October 19, 2017
Small towns might not get all the attention of big towns, or the cachet of big cities, but they’re often fiercely independent, impressively creative, and…
By Shirley Culpin August 12, 2014 #php comments_number('0 Comment', '1 Comment', '% Comments'); ?> #php echo wpb_get_post_views(get_the_ID()); ?>
It’s pretty amazing when a short ferry ride off the northeast coast of Vancouver Island can transport you to another world, but that was pretty much what happened to us when we recently visited the isolated village of Sointula on Malcolm Island.
The name Sointula means place of harmony, which should come as no great surprise considering that it was founded by Finnish immigrants as a Utopian community. The Finns were keen to escape the drudgery and danger of work in Vancouver Island’s coal mines, so they migrated to Malcolm Island, now a 25 minute ferry ride from Port McNeill, and founded Sointula in 1901. It is estimated that at its height the community saw 2,000 settlers, who came not for jobs (there was no industry there at the time) but simply to build a socialist community that would afford them a better life.
Ultimately, the Utopian dream died. But the Finns remained on the island and established a community and lifestyle that, to this day, resonates with anyone who longs for a more measured pace of life. Sointula is a place where little kids set up lemonade stands, unaccompanied by adults, in the middle of town. There is a free bicycle sharing program (well-utilized, from what we saw), the oldest co-operative store in western Canada (founded in 1909), an enduring reverence for the Finnish influence and heritage. You can still hear Finnish spoken from time to time; walk into the excellent Upper Crust Bakery and you will find a blackboard with a few Finnish words translated to English. The Finnish language is, in fact, still found in much signage in the community.
We had booked a couple of nights at Midden Lane Bed and Breakfast, a pretty 25-minute drive along foxglove-lined gravel roads to the south end of the island. Our spacious suite had an attractive covered deck that looked out over Mitchell Bay – a perfect place to start the day with a cup of coffee, the sound of pounding waves the only backdrop.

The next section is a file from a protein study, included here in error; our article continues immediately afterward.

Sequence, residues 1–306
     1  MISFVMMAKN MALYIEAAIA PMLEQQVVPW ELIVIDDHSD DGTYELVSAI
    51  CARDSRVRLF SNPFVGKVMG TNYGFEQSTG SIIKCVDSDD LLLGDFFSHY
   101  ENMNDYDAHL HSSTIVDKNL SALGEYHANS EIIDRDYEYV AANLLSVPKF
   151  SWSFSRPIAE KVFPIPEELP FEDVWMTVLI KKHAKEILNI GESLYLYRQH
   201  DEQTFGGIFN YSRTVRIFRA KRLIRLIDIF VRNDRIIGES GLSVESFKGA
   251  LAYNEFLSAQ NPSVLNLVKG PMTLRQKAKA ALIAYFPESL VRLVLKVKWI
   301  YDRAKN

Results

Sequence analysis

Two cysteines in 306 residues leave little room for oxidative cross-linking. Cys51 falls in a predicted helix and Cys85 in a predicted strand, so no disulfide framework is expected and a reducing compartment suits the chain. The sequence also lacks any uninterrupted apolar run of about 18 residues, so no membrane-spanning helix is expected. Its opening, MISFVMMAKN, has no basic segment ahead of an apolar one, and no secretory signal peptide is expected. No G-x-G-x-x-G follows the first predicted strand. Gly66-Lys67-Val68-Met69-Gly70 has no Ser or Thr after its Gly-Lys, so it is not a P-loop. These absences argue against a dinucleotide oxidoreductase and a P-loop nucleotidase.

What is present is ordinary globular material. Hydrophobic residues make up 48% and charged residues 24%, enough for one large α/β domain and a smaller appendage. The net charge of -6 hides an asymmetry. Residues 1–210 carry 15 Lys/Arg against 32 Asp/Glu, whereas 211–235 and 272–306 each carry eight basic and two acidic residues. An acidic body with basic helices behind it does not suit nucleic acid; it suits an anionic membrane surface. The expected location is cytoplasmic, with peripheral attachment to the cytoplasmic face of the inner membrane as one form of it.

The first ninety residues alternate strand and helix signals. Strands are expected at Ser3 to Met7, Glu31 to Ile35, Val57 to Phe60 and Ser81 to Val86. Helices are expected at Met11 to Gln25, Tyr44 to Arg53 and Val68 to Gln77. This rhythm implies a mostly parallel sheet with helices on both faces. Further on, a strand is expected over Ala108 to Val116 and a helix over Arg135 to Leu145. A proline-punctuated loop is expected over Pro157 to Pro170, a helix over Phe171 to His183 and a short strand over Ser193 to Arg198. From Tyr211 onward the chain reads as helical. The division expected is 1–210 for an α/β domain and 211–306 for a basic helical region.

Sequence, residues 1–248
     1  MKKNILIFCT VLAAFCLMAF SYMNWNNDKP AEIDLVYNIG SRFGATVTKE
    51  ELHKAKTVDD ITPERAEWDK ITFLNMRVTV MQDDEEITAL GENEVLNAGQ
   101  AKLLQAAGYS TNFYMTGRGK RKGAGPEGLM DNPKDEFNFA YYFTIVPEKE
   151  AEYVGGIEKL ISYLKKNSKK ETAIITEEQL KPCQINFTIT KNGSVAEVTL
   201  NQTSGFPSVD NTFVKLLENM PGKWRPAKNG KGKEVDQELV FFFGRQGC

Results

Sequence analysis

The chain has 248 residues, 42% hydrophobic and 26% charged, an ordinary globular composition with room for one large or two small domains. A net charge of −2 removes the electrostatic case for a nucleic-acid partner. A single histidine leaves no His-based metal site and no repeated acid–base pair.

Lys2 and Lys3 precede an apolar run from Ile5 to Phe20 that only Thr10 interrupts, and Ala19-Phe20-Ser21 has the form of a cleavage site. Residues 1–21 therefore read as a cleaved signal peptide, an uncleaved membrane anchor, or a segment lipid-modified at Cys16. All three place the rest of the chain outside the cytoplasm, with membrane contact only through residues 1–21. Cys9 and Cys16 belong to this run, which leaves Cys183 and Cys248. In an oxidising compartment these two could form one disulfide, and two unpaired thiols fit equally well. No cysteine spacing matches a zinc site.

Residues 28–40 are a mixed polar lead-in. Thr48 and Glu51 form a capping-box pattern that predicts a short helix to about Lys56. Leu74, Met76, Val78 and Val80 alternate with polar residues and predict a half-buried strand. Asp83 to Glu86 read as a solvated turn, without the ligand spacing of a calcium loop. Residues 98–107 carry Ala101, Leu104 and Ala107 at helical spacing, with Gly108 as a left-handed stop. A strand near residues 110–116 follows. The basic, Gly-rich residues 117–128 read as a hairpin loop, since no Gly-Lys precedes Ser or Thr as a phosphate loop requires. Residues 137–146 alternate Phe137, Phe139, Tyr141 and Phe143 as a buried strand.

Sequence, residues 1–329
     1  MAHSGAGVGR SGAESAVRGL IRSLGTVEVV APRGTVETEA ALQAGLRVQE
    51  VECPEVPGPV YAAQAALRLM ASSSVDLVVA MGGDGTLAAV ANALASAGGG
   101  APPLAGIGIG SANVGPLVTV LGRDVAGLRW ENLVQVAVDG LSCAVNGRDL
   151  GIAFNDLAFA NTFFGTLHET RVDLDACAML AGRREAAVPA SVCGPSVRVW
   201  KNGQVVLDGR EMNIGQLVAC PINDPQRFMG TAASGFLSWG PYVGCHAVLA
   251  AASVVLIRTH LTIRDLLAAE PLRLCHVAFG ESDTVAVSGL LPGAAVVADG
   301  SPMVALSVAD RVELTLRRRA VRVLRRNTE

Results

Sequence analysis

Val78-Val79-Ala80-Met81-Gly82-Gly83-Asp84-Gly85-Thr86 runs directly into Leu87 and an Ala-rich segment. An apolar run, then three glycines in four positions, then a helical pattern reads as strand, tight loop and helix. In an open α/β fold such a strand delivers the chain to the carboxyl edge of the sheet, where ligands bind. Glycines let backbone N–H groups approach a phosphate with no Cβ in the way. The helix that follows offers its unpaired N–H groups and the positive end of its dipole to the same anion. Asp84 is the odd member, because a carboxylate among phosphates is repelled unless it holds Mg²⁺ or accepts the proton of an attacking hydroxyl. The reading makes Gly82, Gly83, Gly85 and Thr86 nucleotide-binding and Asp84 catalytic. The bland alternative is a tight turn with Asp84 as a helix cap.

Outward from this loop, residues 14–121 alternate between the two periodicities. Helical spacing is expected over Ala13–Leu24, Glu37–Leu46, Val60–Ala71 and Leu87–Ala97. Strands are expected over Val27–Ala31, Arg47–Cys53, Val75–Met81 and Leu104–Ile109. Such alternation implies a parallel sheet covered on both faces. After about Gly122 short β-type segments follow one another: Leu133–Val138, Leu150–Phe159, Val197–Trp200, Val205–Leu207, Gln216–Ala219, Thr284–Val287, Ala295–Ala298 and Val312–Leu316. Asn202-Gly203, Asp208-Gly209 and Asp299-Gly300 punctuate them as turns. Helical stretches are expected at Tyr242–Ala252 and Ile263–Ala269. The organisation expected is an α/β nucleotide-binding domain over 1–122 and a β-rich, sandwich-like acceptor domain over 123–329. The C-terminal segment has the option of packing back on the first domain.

Back in Sointula, we wandered through the village enjoying galleries and the myriad of things in the huge old co-op, then headed to the amazing museum, staffed almost entirely by friendly volunteers. We spent a couple of hours wandering through and enjoying the extensive collection of items, photographs and written records from Sointula’s heyday. There is an intriguing display of gill net rugs, invented by a local woman in the 1950s and an item unique only to Sointula to this day. It’s mind-boggling to see the amount of effort that goes into one of these small pieces, but somehow not surprising – the Finns were noted for their hard work and thriftiness, and it seems that all those old used gill nets just couldn’t be allowed to go to waste. We also learned while at the museum that it was a Sointula resident who invented the gill net drum in 1931 – a piece of fishing equipment now used world-wide. Somehow that didn’t surprise either – resourcefulness seems to be the Finns’ middle name, out of sheer necessity if nothing else.
From the museum we headed out to Bere Point Regional Park, where we enjoyed a long sweep of beach, vistas of the Coastal Mountains on the mainland, views of passing cruise ships and a two-hour hike on the lovely Beautiful Bay Trail. It’s not uncommon to see Orca whales rubbing on the beaches along the trail but we had no such luck during our visit. We were regretting that we hadn’t allowed for more time on Malcolm Island, as it has a number of well-marked and maintained hiking trails that would be a great temptation.
Our final adventure during our brief stay was an evening visit to the local cemetery – a history lesson in itself, where most of the original Sointula pioneers are buried. The cemetery has an intriguing variety of headstones and grave markers, some of them quite poignant. It has one of the most stunning locations imaginable, with views to the water, the continuous song of the waves on the beach and the wind sighing in the trees. It is, in its own way, Utopia.
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